Hetrick and Page created armour and weapons with 3D printing and aluminum casts made from hand carved moulds. Some props, such as helmets, were designed to be augmented with CGI. Weapons like Klingon ceremonial blades and gun-like “disruptors” were reimagined versions of previous props from franchise, especially Star Trek: The Next Generation. The overall design for Klingon weapons, helmets, and armour was based on the culture notes created for the species in the original series, which included influences from Middle Eastern, Mongolian, and Byzantine culture. Several motifs recur throughout the designs for the Klingons’ weapons and armour, including their skulls and vertebrae, images of Klingons “poised to thrust themselves into the honour of battle”, and images of Klingons sacrificing themselves in battle. The latter is similar to the emblem of the Klingon Empire.
Phillips and Larlarb created the clothing worn by the Klingon T’Kuvma and his followers, inspired more by “ancient Klingon ways” than the costumes seen previously in Star Trek. T’Kuvma wears a tunic created from three different types of leather and a chest plate made with 3D printed beads, decorated with Swarovski crystals. Costumes for his followers were created with individually stained, painted, modelled, and hand-pressed pieces of leather. Each suit took ten costumers 110 hours to complete. Different coloured leather was used to differentiate males and females. A notable set of armour created for the season is the Torchbearer armour, which is worn in a ritual to unite the Klingon houses. It was made from 100 individually 3D printed pieces. When first describing the Torchbearer armour, Fuller referred to baroque and samurai styles. Kol, a member of the house of Kor that appeared in the original series, wears “more leather and a different set of armour” that is closer to those worn previously by Klingons in the franchise. US$3 million was spent on a “massive” ship set for T’Kuvma’s house, designed as an alien cathedral. Known as the “Klingon sarcophagus ship”, it is simultaneously a ritual space and the “functioning bridge for the Klingon Empire.” The outside of the ship is covered in coffins ranging from days old to hundreds of years old. The set is 40 feet (12 m) tall, 100 feet (30 m) long, and 50 feet (15 m) wide, and includes multiple levels, mezzanines, and cantilevers. The set also includes Klingon text and glyphs inspired by the novel The Final Reflection, from which the designers also took details such as the strategy game Klin zha and Klingon bloodwine cups. Research was done on how written languages evolve to accurately depict the ancient form of Klingon written on the ship. Instead of physical displays like Starfleet’s ships, the sarcophagus ship uses holographic displays created with CGI.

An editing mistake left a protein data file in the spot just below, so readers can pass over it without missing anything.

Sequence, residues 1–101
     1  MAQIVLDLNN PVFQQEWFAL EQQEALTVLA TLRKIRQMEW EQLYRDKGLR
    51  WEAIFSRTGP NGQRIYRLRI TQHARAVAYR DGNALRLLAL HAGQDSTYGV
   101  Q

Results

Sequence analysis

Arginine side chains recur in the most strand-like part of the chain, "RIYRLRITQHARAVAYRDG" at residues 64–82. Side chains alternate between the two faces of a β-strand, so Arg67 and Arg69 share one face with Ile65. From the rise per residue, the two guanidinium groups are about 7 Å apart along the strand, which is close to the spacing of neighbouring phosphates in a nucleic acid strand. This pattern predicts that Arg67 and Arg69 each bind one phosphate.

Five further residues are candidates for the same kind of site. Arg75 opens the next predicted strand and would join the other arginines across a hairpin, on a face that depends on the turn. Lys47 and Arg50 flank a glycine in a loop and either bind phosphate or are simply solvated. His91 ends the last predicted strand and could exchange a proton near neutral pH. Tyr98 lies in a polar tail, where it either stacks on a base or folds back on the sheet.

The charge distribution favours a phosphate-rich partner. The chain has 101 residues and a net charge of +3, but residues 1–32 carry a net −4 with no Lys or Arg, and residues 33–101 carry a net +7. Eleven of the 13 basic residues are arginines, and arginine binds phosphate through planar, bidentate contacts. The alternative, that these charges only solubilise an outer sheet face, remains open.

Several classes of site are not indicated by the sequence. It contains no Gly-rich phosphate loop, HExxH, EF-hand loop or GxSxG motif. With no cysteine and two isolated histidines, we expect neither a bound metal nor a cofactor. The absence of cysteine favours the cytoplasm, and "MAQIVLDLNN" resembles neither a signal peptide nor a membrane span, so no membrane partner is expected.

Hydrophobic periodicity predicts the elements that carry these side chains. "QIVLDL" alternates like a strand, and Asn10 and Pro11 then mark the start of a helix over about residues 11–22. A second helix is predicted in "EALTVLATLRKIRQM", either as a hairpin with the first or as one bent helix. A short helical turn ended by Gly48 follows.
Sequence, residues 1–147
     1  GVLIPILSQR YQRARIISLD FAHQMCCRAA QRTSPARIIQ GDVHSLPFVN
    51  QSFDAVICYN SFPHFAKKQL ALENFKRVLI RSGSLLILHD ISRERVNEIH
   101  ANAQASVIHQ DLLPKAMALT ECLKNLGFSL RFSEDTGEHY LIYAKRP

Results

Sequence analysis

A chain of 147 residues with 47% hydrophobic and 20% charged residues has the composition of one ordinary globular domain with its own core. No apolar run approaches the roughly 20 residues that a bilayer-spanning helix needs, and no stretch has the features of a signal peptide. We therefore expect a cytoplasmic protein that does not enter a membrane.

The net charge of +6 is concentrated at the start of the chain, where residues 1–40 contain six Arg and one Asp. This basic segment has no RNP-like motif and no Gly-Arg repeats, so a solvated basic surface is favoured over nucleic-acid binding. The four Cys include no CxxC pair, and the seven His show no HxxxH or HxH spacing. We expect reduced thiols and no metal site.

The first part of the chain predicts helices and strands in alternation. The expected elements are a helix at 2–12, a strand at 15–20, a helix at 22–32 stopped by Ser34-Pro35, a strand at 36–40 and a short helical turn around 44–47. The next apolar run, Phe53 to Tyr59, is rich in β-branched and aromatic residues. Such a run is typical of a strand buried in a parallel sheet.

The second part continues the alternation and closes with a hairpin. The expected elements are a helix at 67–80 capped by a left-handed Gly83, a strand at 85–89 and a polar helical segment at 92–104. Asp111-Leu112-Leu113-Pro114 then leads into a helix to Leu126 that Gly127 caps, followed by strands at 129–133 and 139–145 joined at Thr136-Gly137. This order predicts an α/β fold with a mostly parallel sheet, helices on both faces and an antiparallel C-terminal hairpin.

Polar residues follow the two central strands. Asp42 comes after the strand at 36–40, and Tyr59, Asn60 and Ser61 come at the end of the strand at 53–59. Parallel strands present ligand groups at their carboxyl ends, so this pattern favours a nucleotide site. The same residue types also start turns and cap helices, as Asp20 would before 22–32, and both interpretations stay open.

The Klingon homeworld of Qo’noS is visited in the season finale, though the town depicted is an Orion outpost. The production team attempted to reuse existing sets given any new sets would potentially not be reused. The graveyard chamber from the sarcophagus ship set was turned into an Orion sex cabaret, with other sets including a Klingon drinking tent and street stalls. The Orion elements were inspired by Indian architecture, with fabrics from Morocco and other “far east” countries, as these were the inspirations for the original Orion designs in previous Star Trek series. Deverell described the sets as “lush like a bordello in the 1800s. We were allowed to go crazy.”
Filming for the season began at Pinewood Toronto Studios on 24 January 2017, with cinematographers including Guillermo Navarro, working on the pilot, and Colin Hoult. Set construction had initially been set to begin within a month of June 2016, for a filming period of that September to around March 2017, but by that September, production was not expected to begin until November. After Fuller stepped down as showrunner, set construction was expected to be completed by the end of 2016, with filming to begin “shortly thereafter”. By mid-May 2017, filming for scenes set on an unidentified planet had taken place on location in Jordan. Some of the series’ sets took over six weeks to create, and new sets were being built up until the end of production on the season. Some episodes for the season were restricted to a few existing sets, making them bottle episodes, though Harberts said the series would not do anything “as bottle-y as ‘everyone is stuck in the mess hall!'” Filming for the season concluded on 11 October 2017.